There is no historical evidence about the life of the venerable Alexis, the man of God. His hagiography was probably written based on an oral legend of a man who preferred ascetism to wealth. The Life of the Venerable Alexis is believed to have appeared in the second half of the 5th – early 6th century and had originated in Syria. Numerous versions of the hagiography appeared later in Greek, Arab and Latin.

In the Syrian redaction of the hagiography, the saint is not mentioned by name. One of the earliest Syrian versions reports that a young man from a wealthy and noble Roman family abandoned his house before the wedding, boarded a ship and sailed first to Seleucia in Syria and then to Edessa. There he spent all his life on the church porch, taking alms from the church-goers. The servants of his family who had been sent to search him did not recognize him in rags. He didn’t disclose his name to anyone not wishing to draw attention to himself. The only person the venerable Alexis shared his secret with was an ostiary who was amazed with Alexis’ devotion to God. The saint died in hospital where he had been put to by the ostiary, and died along with other poor. Being told about the saint’s death, the ostiary asked the bishop Rabula of Edessa to bury St. Alexis with honors in a place he deserved. But when the tomb was opened, there were only rags therein.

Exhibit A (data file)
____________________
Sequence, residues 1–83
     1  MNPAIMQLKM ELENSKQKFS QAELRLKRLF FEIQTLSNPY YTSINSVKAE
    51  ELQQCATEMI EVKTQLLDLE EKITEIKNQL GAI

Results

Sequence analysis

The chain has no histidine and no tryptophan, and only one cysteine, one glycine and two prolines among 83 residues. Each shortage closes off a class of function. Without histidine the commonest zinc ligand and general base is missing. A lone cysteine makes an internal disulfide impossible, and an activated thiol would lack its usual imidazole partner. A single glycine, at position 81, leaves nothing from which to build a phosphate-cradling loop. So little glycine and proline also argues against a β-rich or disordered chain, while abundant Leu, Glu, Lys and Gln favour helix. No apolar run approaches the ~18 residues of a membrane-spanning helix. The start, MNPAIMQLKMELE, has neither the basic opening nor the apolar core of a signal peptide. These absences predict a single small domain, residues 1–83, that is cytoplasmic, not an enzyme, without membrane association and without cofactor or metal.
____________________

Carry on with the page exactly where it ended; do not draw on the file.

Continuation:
In later versions of his life the saint is called Alexis, while his parents are named Euphimian and Aglaida. These versions have other distinctions from the Syrian redaction. Thus, widespread were the versions of his life claiming that St. Alexis returned home by the will of God and lived there unrecognized under the stairs, suffering humiliation from the house servants. When he died, an unseen voice was heard coming from the altar in a church during a liturgy proclaiming: “Search the Man of God. Let him pray for the city.” The saint’s relics that were found in his family house and put in church for veneration worked healing and miracles.

The earliest translation of the life of St. Alexis into Slavonic language is believed to have been made in the late 11th century. This version was later corrected based on Greek texts. The venerable Alexis the Man of God, was the heavenly patron of the Tsar Alexei Mikhailovich, so his veneration in the 17th century was especially widespread.

In Byzantine and Russian art the venerable Alexis the Man of God is portrayed as a middle-aged man with black long hair and a beard. He is often depicted wearing rags with a scroll in his hands. There are two variants of the icon. The former variant represents the saint in prayer, his figure is turned to right or left. The latter type represents the saint in a frontal pose; his hands are usually folded on the chest. The earliest images of St. Alexis are found on the murals. One of the earliest icons of St. Alexis was in the Church on Nereditsa near Novgorod.

The St. Alexis icons were especially widespread in the reign of the Tsar Alexei Mikhailovich. He is encountered both individually and together with Mary of Egypt, the heavenly protector of Maria Miloslavskaya, the first wife of the tsar (e.g. the icon of Mary of Egypt and St. Alexis the Man of God, 17th century, the Andrei Rublev Museum). On other icons St. Alexis is portrayed with the martyr Natalia, the heavenly patron of Natalia Naryshkina, the second wife of the Tsar Alexei Mikhailovich.

Zhanna G. Belik,

Ph.D. in Art history, senior research fellow at the Andrei Rublyov Museum, custodian of the tempera painting collection.

Olga E. Savchenko,

research fellow at the Andrei Rublyov Museum.


The feast day of St. Alexis is celebrated on March 30th (March 17th, O.S.).

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